Former Colorado Gov. John Hickenlooper laid into Sen. Bernie Sanders, a rival for the Democratic presidential nomination, while speaking at a National Press Club event in Washington, D.C. on Thursday.
Hickenlooper's criticism of Sanders comes a day after the Vermont senator gave a speech at George Washington University defending what he calls "democratic socialism." Hickenlooper has been a vocal critic of socialism on the trail, an approach that.
"I have great respect for Sen. Sanders. He's provided clarity and urgency around the major issues for working families in America," said Hickenlooper on Thursday. "But I fundamentally disagree that we should do away with the democratic, regulated capitalism that has guided this country for over 200 years."
Hickenlooper then turned his attention to the rest of crowded 2020 field.
"This position is shared by many of my Democratic colleagues, but for some reason, our party has been reluctant to express its opposition to democratic socialism," Hickenlooper said. "In fact, the Democratic field has not only failed to oppose Sen. Sanders' agenda, they've actually rushed to embrace it."
Sanders, a former mayor of Burlington, has long identified as a democratic socialist., Sanders attempted to link his views to those of President Franklin Roosevelt, saying that "we must take up the unfinished business of the New Deal and carry it to completion."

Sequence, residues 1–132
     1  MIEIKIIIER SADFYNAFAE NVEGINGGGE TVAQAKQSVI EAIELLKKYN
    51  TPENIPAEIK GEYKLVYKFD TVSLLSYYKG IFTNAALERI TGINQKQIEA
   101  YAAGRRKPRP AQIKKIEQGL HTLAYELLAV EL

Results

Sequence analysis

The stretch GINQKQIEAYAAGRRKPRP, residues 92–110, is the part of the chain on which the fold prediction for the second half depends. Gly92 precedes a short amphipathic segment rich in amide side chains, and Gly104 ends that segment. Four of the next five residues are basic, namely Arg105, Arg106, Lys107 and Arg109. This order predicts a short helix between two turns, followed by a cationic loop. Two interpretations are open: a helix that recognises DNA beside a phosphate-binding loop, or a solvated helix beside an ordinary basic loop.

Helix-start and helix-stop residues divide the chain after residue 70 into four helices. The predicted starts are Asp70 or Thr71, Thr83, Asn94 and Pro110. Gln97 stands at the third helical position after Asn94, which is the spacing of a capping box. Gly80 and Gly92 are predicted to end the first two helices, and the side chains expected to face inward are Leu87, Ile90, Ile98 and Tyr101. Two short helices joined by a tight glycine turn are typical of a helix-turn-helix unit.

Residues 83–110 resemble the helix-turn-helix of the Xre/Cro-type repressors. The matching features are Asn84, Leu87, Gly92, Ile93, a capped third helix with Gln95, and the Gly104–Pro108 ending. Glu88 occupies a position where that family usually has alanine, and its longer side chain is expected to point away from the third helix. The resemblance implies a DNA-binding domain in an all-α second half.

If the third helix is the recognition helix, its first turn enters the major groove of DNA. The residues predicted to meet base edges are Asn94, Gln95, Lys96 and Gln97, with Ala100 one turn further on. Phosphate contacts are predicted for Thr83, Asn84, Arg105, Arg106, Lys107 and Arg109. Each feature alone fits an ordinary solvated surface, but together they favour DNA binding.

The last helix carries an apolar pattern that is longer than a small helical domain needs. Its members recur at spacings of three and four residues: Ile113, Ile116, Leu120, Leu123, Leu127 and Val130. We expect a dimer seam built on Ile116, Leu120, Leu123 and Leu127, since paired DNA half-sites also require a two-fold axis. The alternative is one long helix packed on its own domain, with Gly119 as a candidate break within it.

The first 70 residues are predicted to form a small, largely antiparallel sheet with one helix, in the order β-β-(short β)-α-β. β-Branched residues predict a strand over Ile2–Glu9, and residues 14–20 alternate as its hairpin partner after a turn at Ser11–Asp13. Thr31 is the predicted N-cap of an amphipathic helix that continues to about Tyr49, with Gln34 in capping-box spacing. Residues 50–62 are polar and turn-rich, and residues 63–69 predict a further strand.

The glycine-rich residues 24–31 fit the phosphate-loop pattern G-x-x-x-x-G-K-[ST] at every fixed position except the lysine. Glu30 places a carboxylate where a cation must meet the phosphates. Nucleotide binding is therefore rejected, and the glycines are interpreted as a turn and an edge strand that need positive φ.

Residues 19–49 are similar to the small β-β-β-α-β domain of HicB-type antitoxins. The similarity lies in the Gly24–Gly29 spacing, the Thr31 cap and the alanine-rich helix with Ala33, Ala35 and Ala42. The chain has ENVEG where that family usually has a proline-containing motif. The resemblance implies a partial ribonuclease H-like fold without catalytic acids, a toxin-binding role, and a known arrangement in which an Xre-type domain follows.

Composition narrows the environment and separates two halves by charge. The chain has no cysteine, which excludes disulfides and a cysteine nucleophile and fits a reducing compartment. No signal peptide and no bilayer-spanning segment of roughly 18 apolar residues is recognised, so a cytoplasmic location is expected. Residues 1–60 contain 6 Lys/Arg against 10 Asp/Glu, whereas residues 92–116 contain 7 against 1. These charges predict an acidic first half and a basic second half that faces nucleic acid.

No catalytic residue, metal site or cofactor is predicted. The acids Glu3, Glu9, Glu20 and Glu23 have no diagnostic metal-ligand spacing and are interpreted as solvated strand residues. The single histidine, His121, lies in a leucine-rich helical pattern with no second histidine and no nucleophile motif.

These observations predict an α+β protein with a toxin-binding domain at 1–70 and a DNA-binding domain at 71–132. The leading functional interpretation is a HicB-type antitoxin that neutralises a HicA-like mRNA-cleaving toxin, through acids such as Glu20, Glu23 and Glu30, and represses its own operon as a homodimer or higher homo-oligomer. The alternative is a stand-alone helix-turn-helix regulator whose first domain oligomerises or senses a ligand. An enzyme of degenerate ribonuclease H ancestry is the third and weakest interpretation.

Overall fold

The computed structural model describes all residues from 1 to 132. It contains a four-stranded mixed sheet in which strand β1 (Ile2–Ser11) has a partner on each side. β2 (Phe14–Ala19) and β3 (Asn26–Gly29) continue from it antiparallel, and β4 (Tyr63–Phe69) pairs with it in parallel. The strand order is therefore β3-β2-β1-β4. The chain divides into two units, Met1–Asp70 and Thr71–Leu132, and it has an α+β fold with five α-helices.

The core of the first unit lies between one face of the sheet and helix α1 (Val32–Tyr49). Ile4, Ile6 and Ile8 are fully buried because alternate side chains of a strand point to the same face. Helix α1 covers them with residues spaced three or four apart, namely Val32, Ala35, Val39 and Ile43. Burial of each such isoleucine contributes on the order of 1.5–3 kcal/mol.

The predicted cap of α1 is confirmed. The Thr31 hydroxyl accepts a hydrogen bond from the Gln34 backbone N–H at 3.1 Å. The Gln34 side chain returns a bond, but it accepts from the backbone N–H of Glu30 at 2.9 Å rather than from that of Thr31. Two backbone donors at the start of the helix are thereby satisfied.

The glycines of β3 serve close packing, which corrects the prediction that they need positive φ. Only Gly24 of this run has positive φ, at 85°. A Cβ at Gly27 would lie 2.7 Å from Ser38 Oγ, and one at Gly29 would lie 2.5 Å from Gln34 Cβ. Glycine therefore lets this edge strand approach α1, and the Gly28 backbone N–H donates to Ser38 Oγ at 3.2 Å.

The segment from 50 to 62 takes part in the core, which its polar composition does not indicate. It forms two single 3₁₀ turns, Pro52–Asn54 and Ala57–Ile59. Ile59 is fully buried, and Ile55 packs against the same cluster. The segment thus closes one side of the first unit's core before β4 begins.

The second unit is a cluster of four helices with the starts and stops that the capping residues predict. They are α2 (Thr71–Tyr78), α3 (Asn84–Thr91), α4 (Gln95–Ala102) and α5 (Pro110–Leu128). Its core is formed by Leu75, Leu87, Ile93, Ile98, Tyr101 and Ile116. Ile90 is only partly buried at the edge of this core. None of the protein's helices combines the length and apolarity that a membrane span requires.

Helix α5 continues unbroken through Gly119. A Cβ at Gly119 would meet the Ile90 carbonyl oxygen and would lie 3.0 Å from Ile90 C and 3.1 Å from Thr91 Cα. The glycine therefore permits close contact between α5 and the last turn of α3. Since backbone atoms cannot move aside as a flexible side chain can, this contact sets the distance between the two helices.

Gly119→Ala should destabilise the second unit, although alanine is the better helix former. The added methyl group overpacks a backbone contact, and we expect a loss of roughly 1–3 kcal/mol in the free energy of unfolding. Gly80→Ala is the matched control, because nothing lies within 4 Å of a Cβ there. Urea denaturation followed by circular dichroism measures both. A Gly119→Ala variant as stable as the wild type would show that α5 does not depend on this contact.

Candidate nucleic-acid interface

"We must recognize that in the 21st century, in the wealthiest country in the history of the world, economic rights are human rights," he said. "That is what I mean by democratic socialism."
Sanders routinely polls toward the top of the Democratic primary field. A Quinnipiac University poll released Tuesday found him in second place behind former Vice President Joe Biden, with 19 percent support to Biden's 30 percent.
Hickenlooper, meanwhile, tends to trail well behind the frontrunners for the Democratic nomination. When asked Thursday about his anemic polling, Hickenlooper answered that voters are not yet playing close attention to the race.
Many of Sanders' proposals have been embraced by other Democratic candidates. For example, his signature Medicare for All legislation, which would expand government-funded health care to all Americans, is cosponsored in the Senate by Elizabeth Warren, Kamala Harris, Kirsten Gillibrand and Cory Booker.
Hickenlooper, however, says that many of the proposals championed by Sanders and other Democratic candidates, including Medicare for All and the "Green New Deal,". Instead, Hickenlooper says he believes in partnerships between the public and private sectors to implement progressive goals, such as how Colorado increased access to with the help of nonprofits and private philanthropy.
"Medicare for All does not take on fee for service, the major driver of healthcare costs," Hickenlooper said Thursday.
"The Green New Deal guarantees every American a federal job – virtually guaranteeing it will never make it through Congress. Free college proposals massively raise taxes — while doing nothing to address economic opportunity for the two-thirds of Americans who will never graduate with a four-year degree."
Hickenlooper, however, did say that "American capitalism" should be "reformed as it has many times over our country's history — from Teddy Roosevelt's trust-busting to Franklin Roosevelt's New Deal."
"American capitalism must be reformed, but we will not solve our problems by endlessly expanding government or by demonizing the private sector," he said later in the speech.